Namibian authorities have launched an investigation into the death of Paulus Tshilunga, a senior intelligence officer found in his vehicle in Windhoek with a single gunshot wound to the head.
Tshilunga was a senior manager with the Namibia Central Intelligence Service (NCIS), and had worked as a spy since the country’s independence in 1990. While the death appears to be a suicide – the weapon used was his own gun, police said – they have not yet ruled out foul play.
Sebastian Ndeitunga, the inspector general for the Namibian Police Force, said it was rare for an intelligence officer to commit suicide and the police were not yet satisfied with the explanation. In part, that’s because of Tshilunga’s background, but it’s also because he was currently under investigation himself.
Tshilunga’s corruption charges were tied to an alleged USD$1.1 million (N$17 million) in money laundering, fraud and abuse of his office. He was released on bail and expected to appear for a pretrial hearing in October.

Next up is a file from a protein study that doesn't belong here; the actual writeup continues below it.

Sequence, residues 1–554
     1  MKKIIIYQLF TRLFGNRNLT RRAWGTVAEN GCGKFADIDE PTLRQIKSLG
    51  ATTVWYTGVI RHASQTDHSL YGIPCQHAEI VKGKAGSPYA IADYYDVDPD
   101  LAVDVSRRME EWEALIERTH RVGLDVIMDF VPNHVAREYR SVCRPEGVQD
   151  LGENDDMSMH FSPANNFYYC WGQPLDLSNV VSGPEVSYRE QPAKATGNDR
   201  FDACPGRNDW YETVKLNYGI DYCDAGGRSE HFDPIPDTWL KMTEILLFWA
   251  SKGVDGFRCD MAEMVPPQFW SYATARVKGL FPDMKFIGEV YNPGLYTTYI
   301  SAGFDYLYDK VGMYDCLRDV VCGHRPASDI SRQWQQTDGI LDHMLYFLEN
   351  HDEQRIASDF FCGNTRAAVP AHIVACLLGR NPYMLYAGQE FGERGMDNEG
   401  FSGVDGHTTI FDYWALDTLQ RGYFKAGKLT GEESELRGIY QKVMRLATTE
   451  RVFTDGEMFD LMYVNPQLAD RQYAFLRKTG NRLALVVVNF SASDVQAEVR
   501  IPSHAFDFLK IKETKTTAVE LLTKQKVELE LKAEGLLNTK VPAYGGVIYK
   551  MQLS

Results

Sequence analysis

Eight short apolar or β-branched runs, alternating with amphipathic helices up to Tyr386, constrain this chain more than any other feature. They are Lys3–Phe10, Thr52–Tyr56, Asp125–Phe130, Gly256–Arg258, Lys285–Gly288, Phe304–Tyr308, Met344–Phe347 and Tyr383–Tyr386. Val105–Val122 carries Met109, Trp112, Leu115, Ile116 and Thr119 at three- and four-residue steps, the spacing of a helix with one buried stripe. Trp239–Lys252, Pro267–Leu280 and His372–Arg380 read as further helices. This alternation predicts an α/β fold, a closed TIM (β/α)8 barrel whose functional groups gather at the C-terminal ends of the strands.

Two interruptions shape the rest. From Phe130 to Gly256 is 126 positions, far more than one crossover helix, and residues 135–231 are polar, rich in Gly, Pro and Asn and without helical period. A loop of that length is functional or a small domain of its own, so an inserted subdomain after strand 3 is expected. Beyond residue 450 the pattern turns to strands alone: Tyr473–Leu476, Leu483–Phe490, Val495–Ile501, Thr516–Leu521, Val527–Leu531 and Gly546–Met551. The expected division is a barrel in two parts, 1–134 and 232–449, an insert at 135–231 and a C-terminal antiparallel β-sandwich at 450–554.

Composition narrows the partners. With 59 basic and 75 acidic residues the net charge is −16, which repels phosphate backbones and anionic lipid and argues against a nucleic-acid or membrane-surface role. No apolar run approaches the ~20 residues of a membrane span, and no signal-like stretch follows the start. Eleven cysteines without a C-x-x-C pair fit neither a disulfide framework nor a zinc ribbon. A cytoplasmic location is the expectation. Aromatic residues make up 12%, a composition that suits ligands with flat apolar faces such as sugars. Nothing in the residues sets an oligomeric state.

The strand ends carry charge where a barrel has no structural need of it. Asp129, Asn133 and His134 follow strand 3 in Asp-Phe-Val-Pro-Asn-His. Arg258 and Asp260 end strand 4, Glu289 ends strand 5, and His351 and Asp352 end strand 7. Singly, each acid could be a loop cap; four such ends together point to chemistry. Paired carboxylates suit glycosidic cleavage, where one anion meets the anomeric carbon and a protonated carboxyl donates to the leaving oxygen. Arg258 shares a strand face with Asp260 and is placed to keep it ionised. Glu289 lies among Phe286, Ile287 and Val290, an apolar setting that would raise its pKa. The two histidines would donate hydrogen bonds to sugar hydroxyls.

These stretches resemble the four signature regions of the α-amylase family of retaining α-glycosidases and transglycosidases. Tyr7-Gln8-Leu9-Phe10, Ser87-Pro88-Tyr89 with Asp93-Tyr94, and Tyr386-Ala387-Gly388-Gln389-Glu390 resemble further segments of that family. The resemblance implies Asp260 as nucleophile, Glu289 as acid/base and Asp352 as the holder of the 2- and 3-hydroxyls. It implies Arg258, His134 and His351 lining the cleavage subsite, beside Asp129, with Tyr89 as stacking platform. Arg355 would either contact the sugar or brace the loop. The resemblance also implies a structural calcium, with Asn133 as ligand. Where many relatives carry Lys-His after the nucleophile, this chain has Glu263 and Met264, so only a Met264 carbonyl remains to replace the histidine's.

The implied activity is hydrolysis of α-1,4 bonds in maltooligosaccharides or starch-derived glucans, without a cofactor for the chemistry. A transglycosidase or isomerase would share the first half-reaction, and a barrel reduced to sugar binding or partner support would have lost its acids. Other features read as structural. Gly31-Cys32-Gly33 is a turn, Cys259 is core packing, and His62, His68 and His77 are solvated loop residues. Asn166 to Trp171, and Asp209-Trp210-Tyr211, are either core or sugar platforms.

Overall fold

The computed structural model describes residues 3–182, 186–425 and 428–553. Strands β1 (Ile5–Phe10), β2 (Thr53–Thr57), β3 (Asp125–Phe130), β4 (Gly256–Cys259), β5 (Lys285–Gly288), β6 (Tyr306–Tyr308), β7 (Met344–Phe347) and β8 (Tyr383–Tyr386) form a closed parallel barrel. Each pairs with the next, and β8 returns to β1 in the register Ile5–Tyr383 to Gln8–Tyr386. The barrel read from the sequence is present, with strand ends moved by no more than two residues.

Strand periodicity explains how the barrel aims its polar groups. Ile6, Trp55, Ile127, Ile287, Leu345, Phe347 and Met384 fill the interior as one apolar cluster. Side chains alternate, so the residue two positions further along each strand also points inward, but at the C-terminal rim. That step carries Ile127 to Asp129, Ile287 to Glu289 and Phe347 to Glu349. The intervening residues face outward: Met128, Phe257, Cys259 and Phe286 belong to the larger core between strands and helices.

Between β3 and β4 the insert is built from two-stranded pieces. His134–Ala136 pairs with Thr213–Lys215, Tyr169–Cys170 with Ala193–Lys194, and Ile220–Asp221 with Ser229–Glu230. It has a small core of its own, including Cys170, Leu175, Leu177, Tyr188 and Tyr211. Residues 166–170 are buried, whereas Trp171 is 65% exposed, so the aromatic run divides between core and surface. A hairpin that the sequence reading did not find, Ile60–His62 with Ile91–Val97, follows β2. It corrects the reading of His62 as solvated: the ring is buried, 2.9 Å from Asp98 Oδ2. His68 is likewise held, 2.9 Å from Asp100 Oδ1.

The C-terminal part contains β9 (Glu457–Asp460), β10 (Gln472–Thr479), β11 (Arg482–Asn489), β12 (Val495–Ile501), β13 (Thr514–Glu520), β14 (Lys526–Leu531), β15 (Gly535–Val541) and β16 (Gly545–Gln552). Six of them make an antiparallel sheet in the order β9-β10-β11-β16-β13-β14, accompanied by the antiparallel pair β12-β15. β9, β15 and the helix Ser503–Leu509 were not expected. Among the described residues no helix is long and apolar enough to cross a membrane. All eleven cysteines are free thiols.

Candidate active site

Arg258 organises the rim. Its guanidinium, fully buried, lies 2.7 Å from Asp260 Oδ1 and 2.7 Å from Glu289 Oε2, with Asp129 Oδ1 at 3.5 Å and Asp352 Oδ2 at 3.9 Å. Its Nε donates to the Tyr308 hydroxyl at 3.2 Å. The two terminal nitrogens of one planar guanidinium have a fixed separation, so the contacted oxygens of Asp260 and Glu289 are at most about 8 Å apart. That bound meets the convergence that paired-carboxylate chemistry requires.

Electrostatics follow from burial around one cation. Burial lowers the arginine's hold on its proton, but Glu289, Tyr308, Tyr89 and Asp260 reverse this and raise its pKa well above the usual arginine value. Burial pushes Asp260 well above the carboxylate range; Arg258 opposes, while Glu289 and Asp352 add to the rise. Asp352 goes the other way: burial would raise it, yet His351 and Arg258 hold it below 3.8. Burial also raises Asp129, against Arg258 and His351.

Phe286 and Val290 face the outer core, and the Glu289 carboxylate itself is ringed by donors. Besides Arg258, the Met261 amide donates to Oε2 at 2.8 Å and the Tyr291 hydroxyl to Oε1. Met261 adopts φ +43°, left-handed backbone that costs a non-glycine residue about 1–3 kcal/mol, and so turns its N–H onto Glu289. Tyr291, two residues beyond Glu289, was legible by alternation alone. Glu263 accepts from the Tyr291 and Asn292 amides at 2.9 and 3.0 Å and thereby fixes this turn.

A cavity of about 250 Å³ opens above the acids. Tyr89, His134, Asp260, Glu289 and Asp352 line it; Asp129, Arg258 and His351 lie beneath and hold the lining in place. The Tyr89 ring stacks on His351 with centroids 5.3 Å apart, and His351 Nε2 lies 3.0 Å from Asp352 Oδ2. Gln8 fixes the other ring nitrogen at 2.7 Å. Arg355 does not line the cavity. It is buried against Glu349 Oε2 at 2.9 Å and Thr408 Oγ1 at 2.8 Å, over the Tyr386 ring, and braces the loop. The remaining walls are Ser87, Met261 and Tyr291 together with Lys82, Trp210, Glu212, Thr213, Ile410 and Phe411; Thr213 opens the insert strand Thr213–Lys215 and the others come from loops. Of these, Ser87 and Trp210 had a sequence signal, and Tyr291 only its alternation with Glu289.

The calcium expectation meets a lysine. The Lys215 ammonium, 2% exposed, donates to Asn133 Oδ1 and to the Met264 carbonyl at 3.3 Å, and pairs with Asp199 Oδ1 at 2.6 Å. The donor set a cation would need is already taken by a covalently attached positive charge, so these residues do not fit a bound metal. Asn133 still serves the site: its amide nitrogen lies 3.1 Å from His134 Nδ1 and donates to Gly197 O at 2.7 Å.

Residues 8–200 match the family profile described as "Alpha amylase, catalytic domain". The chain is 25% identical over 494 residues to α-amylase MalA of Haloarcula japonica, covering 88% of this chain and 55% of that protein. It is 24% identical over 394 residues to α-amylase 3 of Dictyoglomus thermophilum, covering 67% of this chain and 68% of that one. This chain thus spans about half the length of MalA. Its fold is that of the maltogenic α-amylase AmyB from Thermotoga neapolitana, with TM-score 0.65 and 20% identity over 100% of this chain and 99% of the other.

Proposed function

The case involves a fishing company co-owned by spies from Namibia and Mozambique, which has been granted Namibian fishing quotas since 2003. The corruption case broke last month, but Tshilunga’s identity was withheld to the public because of his intelligence-office status.
One of his counterparts in Mozambique also was charged with corruption, sources told The Namibian.
Namibia’s intelligence service was under scrutiny earlier this year after local journalists demanded information about farms and a house owned by the government and used by former agents. The NCIS tried to block release of the information, but lost when The Patriot news outlet took the case to court.